Brian Renstrom, Partner, BlumShapiro
Brad Slisz, Manager, BlumShapiro

Project managers, engineers and laborers would never set foot on a work site without wearing a hard hat.  Would they also carry a Pocket PC, notebook computer or personal data assistant as well?  Probably not.  Today's contractors are often operating in a working environment that generations before them created.  Their fathers, grandfathers and even great-grandfathers taught them the skills they use every day to run a construction business.  They have many things in common, such as hard work, vision and commitment.  While technology may not be a tool you wear on your tool belt, or erect a building with, for today's generation of construction business owners it is one of the most important tools of success.

Software has come a long way
Implementing technology in the construction industry has traditionally been viewed as an accounting exercise.  This is no longer the case.  Software has come a long way since previous generations ran the business.  Systems are no longer used exclusively by accounting to report historical transactions.  Rather, they are used in the front line to predict and manage project costs on a real-time basis.  More importantly, company owners and top executives are using technology to more effectively manage and control the entire business.

Leading construction companies are successful at capturing information and data at the source into an integrated system that will immediately allow visibility of that information to the entire company. For example, a common activity in any construction business is writing contracts and making change orders to those respective contracts.  In the past, project managers would write the contracts in Word and then submit them to the accounting department to enter into the accounting system.  Fully integrated software would allow project managers to manage projects, subcontracts, purchase orders, change orders and other project documentation in the field, at the time of the event.

The benefits include the elimination of dual entry of data between the project managers and the home office, and full visibility of this information throughout the entire company.  This information is also permanently available to resolve any future claims or disputes. The benefits of implementing integrated systems go beyond just streamlining business processes.  Implementing new technology and centralizing all your company's financial and project management information will improve your control of the business as well.  Benefits of integrated systems include: capturing data at its original source, which eliminates errors and provides increased visibility; a more streamlined and consistent process, which eliminates clerical work and is easily documented; timely decision-making; and giving your company an overall competitive advantage by recruiting the best people and utilizing historical information for future bidding.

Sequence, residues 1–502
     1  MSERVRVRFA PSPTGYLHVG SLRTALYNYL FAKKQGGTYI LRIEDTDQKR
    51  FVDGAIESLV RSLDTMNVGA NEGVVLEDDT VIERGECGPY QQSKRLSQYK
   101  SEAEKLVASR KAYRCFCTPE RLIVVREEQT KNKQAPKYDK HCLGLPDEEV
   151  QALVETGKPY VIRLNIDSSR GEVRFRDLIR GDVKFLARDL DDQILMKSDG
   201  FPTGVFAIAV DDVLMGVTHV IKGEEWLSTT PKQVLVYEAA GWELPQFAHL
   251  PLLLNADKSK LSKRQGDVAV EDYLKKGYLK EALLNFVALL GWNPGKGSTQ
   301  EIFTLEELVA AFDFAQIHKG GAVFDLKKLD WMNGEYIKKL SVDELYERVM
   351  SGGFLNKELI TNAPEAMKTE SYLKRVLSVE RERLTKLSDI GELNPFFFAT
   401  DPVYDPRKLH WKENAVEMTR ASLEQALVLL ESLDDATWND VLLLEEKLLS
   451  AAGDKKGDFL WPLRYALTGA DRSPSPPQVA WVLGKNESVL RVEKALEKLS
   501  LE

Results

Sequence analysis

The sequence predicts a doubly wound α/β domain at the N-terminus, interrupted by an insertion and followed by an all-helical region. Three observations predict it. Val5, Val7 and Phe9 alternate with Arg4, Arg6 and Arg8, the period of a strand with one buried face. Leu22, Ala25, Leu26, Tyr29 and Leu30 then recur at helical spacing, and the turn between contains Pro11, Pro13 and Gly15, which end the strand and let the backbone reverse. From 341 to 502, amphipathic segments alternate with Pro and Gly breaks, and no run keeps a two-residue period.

Project costs and budgets maintained in a fully integrated system can improve the accuracy and timeliness of data reviewed to make strategic business decisions.  For example, project managers can view costs and budgets on their projects in real time, allowing them to flag potential problems with cost overruns when they occur so that they can take action.  They also have the ability to keep a close eye on cost postings to each job, which allows them to contact the field personnel if they notice an error or overrun.  Finally, they can view reports and inquiries in the field, on a per-job basis, to see how they are performing against their original budget.

Payroll made simple